(c) Messinger Woods Wildlife Care and Education Center

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Precocial Birds (Fuzzy and Can Walk - Chicklike)

Precocial birds are hatched as soft downy chicks. These babies can follow their parents around shortly after hatching and do not have to be fed by a parent at all. These babies can peck at the ground for food while following the mother and stay with her for warmth and protection. Ducks, Geese and Killdeer are precocial birds. These babies usually require help when they are separated from their parents. Call a Wildlife Rehabilitator for help as soon as possible.

How to Return Babies to the Nest

Young "altricial" birds, (those that are born with their eyes closed, look pink, and are featherless), sometimes are knocked or blown out of a nest, or are pushed out by a sibling. They may have downy feathers (like peach fuzz), or some feathers on their bodies. These babies can be picked up and cupped in the hands until they feel warm. Once they are warm, they should be placed back up into their nest. It is NOT true that the parents will abandon their babies if they smell human scent. Most birds do NOT have a strong sense of smell.

Nests that are Destroyed

Sometimes nests are blown down by windstorms, knocked out of gutters, dumped from hanging plants, or destroyed by predators. Sometimes you cannot replace the babies because it is too high to reach their nest or the tree that their nest was in has been cut down. You can manufacture a make-shift nest with a berry basket or plastic butter tub (if you use a butter tub, punch holes in the bottom for drainage). If you can save the nest, place it in the plastic container. If the nest is gone, line the berry basket with clean, dry paper towels in a bowl shape. Do NOT use grass because it contains moisture that will chill the babies. Wire the "new" nest up as close to the original location as possible. You may have to put it on another branch or a nearby tree or bush. Make sure it is out of direct sunlight or bad weather. Then warm the babies in your hands and put them into the make-shift nest. Leave the area and watch from a distance (or use binoculars) or the parents will not return. They may be skeptical about the new nest at first, but once the young start crying out in hunger, the parents will land to feed them.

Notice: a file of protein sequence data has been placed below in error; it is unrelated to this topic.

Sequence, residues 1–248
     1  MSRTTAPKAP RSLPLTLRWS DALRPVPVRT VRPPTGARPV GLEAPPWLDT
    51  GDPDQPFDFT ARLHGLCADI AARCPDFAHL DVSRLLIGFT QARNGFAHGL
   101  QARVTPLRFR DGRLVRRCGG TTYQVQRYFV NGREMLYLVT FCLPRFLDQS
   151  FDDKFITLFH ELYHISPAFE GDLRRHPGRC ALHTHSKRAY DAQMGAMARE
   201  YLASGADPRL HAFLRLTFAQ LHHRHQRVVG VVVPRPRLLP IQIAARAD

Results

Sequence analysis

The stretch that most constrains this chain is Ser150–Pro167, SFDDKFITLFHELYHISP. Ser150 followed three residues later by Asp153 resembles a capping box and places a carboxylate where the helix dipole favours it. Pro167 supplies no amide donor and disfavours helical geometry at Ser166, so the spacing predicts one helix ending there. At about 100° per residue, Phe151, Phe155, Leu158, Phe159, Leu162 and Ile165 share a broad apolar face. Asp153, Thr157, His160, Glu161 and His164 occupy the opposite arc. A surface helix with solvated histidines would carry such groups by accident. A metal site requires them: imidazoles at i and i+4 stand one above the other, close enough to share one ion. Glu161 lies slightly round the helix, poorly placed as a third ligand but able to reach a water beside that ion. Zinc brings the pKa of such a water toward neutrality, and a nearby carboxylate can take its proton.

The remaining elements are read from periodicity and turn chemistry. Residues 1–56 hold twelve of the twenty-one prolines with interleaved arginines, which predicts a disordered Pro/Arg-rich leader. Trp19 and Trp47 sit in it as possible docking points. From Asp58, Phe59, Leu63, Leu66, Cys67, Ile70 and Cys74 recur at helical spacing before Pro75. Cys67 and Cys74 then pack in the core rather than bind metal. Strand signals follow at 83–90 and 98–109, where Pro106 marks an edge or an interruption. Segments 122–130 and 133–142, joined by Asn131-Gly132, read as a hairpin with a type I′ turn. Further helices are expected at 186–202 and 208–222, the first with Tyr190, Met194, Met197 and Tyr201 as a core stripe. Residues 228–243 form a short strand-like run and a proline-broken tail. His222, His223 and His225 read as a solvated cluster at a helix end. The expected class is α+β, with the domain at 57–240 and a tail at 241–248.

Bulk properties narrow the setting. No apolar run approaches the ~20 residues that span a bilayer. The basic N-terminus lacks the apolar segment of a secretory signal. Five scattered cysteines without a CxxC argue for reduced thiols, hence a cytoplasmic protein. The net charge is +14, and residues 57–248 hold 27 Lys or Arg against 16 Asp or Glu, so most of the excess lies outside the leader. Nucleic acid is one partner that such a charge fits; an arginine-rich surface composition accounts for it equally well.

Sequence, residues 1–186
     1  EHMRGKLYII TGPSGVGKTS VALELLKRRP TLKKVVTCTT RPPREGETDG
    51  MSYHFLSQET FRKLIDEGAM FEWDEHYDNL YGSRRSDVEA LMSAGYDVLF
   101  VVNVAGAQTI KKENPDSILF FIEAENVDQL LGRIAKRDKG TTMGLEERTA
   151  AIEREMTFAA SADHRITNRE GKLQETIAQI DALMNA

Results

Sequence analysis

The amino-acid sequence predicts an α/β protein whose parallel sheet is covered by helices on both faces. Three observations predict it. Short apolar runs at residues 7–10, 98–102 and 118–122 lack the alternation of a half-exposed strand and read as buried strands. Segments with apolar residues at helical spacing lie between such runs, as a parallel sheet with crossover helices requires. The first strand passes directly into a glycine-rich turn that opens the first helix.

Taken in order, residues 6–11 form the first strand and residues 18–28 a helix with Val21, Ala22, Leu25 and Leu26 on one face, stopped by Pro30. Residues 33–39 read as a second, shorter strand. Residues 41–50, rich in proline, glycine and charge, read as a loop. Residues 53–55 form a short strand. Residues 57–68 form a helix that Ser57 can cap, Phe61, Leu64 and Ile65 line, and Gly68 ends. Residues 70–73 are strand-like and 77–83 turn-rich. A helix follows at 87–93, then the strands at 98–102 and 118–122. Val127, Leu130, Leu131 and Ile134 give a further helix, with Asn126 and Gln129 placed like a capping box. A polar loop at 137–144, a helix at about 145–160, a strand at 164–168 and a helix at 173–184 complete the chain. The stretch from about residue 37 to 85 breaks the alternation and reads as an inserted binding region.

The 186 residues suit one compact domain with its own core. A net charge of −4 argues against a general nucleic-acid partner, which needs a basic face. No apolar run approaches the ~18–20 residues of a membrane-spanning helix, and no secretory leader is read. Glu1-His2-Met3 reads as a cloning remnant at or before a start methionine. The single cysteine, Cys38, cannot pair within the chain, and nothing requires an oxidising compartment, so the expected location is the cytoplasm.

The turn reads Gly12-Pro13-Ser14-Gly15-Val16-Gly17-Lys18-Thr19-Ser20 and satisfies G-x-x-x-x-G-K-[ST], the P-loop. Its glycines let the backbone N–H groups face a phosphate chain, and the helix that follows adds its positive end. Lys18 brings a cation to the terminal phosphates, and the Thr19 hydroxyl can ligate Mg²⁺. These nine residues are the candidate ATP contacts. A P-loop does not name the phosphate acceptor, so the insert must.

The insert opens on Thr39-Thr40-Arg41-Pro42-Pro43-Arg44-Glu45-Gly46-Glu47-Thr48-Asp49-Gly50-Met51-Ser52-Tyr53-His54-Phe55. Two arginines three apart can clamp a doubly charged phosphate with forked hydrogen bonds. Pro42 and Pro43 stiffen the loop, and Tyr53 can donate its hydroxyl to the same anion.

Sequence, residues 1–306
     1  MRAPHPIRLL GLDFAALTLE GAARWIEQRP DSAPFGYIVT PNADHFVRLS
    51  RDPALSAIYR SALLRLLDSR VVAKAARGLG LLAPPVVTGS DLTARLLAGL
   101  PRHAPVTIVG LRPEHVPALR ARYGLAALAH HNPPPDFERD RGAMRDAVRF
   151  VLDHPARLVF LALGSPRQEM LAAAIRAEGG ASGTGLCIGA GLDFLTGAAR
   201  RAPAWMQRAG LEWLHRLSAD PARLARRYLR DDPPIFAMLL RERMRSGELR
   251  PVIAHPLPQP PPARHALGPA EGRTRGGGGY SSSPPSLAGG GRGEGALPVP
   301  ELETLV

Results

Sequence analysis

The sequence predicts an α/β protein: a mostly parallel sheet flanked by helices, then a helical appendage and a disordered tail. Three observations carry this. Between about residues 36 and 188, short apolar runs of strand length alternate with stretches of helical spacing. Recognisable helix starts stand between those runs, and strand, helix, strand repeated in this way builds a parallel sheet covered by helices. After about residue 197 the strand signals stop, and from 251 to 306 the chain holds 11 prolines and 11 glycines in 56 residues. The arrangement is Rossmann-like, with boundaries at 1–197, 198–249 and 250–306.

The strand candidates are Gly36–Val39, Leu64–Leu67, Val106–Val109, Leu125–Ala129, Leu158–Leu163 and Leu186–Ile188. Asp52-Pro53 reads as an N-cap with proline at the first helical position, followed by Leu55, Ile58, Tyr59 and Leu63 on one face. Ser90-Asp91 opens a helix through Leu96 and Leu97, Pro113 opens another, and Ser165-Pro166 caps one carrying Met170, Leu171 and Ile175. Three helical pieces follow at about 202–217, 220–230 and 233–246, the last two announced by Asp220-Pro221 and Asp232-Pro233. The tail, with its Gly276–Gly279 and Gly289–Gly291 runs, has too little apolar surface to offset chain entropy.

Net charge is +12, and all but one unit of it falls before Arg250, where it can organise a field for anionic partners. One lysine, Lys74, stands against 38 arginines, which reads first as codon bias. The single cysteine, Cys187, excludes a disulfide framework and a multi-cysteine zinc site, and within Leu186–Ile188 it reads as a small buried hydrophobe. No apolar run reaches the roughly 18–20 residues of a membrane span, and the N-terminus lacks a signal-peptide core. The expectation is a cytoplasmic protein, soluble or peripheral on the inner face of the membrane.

How to Rescue A Baby Bird

If you know for a fact that the parent birds are gone, there is no way to put the babies back, or the babies are cold and limp, then they need to be rescued. Remove the babies from the nest.  You can make a makeshift nest with paper towels and keep them in a small, dark, covered box with holes punched in the lid. Warm the babies by positioning a heating pad, set on LOW, under the box. Other ways to warm the babies are to fill a zip lock bag or rubber glove with warm water and place it in the box, or microwave a dish towel for 25 seconds (only warm enough that you can place the towel over your face) and use that. You can also hang a 40 watt light bulb over the box to produce warmth. Do NOT put fresh green grass in the box because the moisture in it will chill them. You may line the box with paper towels. Do NOT pet or handle the babies. They may gape (open their beaks) but do NOT feed them anything including milk, water, honey, egg or homemade formula because their stomachs will not tolerate these items and it is easy to drown a baby bird with fluid. Call a Wildlife Rehabilitator for help as soon as possible.

Fledglings

Each spring and summer Wildlife Rehabilitators get numerous calls from people claiming to have found a bird with a broken wing. Most often, what they have is a young bird in the fledgling stage of life. Fledglings are young birds that have already left the nest, or have been evicted by the parents. These babies are usually unable to fly for a couple of weeks. This is a very important time for the young to put the finishing touches on learning about survival by observing their parents. They will learn about finding food, avoiding predators, and how to fly. The parents will still be around helping them.

Fledglings can be as large as the parents (sometimes appearing even larger), and fully feathered. Fledglings are able to hop, but not yet fly. These young birds are sometimes mistaken for a bird with a broken wing.  A bird with a broken wing will hold the injured wing lower than the good wing. Most broken wings will droop very low, and are fairly easy to identify. Please leave the fledglings alone. They will do fine without your help. All you need do is keep pets and children away from them

 

Many people who mean well, take these young birds in by mistake. If you want to help, keep people and pets out of the area. It will take about 5-15 days before the baby can actually fly well.

Cat Attacked Baby Birds

Any bird that has been caught or attacked by a cat must be brought to a Wildlife Rehabilitator. Cats have bacteria (germs) in their mouths that will cause a bird to die, usually within 3 days, if left untreated. The following chart will outline the developmental stages of the altricial neonate, beginning with the eggs in a nest. Song birds and other perching birds fall into this category.